He lost her to the crucifix long before they met.
Going up against the Great Redeemer for a girl’s affection was stupid. But he was young and stupid. And idealistic and stupid. And stupid. And stupid. He set milk out for cats that turned out to be lions. When he found this out, he still put saucers on the stoop.
Let us not forget the girl. The one who swallowed the crucifix, which lodged in her heart and prevented her from properly living. Or living in the proper time, tense and fervor in regard to each friend, acquaintance, or suitor. She was jacked up, sure, but it would have been worse without the Savior being involved. The Lord gave her a rope, however knotted, to hang onto, and perhaps it was the knots themselves that helped her maintain a grip.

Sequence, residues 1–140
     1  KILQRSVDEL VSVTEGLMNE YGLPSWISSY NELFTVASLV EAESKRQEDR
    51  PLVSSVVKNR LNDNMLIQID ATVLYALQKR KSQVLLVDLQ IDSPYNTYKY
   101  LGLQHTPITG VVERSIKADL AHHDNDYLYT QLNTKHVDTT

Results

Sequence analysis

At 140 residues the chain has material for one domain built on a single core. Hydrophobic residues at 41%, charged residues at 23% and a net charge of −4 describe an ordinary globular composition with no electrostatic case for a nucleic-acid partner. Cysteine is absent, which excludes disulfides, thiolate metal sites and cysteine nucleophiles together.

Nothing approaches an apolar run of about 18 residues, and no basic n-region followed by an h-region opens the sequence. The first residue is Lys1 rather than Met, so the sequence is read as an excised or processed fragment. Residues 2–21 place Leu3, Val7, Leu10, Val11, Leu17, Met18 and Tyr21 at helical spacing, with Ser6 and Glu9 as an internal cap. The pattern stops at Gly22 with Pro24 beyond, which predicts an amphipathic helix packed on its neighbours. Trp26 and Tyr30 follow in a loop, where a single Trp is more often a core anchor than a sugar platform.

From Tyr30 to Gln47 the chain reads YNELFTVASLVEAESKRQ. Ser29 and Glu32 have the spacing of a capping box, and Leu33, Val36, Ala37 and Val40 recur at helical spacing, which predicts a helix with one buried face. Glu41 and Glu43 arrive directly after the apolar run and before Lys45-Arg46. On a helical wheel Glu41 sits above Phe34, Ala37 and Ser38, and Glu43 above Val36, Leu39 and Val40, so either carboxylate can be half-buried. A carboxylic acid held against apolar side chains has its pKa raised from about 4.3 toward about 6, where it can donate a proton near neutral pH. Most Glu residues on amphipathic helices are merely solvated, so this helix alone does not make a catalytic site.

He pumped quarters into expired parking meters, bagged his own groceries, read Rimbaud in dormitory hallways while his roommates slept. A bruised idealist, he needed a fair-haired balm for his spiritual sunburn. She was nervous, woke with starts to silent thunder, was forever crossing herself as if the movement of her hand could repel the ogres in her dreams. She was happiest at bedtime, most unsettled at dawn.
They got married in the springtime. Ate oranges by the lake that summer. She never asked about his writing. He never inquired about her heart, her faith, or the Mystery. They rooted for different sports teams, and this made weekends difficult. Finally she nearly became pregnant, and that was the final straw. A lifetime with the other appalled them both.
They parted amicably, each moving to their next station, each knowing they were giving up something beautiful that would have lessened them both.
Robert Penick’s work has previously appeared in over 100 different literary journals, including The Hudson Review and North American Review. He lives in Louisville, KY with his free-range box turtle, Sheldon.